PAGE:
Web sites abuzz about impeachment

Summary:Chat patterns underscore a shift away from Usenet, and news is easy to find.

It's the last Saturday before Christmas, but there were still people online to discuss the shocking political events of the day.

The man who was expected to become Speaker of the House, Bob Livingston, R-La., called on President Clinton to resign, and then did so himself, saying he would leave the house within six months. Livingston confessed to marital infidelity earlier this week. The House then impeached Clinton on two counts, marking only the second time in the nation's history, and the first time in 130 years, that a President has been impeached.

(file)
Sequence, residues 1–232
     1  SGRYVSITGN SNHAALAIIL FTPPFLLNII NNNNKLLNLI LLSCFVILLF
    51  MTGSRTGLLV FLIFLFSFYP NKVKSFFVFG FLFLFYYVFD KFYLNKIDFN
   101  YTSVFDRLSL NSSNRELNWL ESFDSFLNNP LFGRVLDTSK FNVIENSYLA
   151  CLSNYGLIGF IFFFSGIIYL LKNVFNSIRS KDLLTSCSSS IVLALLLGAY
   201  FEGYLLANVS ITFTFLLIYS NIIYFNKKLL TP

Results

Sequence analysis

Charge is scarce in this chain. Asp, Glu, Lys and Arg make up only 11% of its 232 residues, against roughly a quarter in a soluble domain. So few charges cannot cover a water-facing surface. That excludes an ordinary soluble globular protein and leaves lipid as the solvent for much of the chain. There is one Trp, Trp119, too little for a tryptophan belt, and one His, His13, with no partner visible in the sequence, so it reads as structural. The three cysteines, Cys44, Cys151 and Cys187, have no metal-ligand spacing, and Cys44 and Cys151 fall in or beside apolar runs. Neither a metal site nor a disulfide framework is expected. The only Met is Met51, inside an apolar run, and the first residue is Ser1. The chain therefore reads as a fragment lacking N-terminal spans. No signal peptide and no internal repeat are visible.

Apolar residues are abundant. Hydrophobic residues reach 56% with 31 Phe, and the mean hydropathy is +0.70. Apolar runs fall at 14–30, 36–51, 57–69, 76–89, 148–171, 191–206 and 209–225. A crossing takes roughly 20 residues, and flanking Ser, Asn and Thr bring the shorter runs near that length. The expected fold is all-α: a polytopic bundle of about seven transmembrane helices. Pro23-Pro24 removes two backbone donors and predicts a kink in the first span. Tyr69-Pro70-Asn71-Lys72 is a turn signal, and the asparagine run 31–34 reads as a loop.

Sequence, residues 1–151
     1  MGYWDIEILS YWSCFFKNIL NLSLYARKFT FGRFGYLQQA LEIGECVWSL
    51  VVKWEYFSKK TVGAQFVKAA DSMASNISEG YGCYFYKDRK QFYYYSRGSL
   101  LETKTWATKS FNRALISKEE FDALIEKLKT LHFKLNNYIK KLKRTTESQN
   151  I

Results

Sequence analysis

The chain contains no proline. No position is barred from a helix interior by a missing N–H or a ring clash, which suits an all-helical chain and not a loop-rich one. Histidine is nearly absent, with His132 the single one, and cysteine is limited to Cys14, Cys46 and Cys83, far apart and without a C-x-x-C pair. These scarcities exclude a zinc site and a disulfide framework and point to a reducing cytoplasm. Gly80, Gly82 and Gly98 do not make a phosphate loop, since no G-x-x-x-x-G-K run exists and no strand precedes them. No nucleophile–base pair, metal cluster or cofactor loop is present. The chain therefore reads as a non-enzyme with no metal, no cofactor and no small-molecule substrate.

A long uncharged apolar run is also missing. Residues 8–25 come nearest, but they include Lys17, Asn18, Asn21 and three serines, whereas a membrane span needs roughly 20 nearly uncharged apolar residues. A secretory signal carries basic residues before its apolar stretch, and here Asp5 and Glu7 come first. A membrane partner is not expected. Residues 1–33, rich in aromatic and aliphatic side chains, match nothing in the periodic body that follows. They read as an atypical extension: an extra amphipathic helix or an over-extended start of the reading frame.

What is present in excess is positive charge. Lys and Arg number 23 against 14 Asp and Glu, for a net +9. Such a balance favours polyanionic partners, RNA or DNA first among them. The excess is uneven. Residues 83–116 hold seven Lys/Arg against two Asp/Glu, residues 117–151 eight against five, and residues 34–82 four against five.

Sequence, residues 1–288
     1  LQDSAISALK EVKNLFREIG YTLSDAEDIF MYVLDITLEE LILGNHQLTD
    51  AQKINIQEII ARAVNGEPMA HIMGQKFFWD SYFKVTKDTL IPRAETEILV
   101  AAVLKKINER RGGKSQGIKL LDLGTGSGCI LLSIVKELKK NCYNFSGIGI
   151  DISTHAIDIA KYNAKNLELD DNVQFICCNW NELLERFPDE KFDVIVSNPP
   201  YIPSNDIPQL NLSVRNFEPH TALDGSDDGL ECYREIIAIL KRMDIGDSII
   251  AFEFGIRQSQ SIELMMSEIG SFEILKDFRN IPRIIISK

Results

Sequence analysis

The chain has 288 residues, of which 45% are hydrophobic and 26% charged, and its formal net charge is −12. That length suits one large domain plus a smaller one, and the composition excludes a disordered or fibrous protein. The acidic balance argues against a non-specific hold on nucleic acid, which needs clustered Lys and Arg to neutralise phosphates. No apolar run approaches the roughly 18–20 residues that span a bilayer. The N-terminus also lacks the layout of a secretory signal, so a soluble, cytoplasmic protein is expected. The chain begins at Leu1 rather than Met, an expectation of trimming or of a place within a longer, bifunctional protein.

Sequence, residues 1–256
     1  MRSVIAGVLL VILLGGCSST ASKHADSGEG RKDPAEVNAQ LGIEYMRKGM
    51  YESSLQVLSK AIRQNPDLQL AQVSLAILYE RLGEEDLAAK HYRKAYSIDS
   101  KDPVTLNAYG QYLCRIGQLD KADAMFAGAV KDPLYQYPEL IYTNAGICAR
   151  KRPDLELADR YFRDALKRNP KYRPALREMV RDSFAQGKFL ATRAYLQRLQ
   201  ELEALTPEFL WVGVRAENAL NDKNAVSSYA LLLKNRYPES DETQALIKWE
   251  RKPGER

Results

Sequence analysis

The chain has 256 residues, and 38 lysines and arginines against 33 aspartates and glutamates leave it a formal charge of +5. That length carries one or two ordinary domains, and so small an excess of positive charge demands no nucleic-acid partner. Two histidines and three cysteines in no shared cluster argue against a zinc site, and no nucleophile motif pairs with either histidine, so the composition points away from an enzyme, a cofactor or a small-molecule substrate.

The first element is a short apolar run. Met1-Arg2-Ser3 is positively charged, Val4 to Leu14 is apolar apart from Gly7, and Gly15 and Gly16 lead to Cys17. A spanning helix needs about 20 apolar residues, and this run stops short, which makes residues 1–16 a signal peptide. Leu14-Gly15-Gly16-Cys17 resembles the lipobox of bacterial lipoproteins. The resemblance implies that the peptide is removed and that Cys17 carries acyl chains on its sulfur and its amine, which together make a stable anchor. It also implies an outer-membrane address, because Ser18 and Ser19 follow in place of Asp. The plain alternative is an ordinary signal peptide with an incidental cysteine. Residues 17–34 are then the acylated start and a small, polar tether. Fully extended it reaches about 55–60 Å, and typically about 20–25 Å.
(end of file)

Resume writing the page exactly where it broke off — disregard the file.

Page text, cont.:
Still, perhaps it was the season or perhaps it showed the more general level of political apathy in the U.S., but there weren't nearly as many posts in Deja News as there were when Princess Diana was killed. A quick search of various forums showed less than two dozen posts on the Livingston resignation, and even alt.impeach.Clinton only had four posts by noon pacific time.

This, though, may just signal a shift towards posting comments about news events on news sites. CNN.com's message-boards were crowded with people commenting about the day's events.

News sites were well-prepared for this, and if some, such as the New York Times, chose to lead with generic coverage from the Associated Press, there was no lack of information about the basics, on pretty much any news or search site. A number of sites were aggressive about updating their stories, as well.

Topics: Tech Industry

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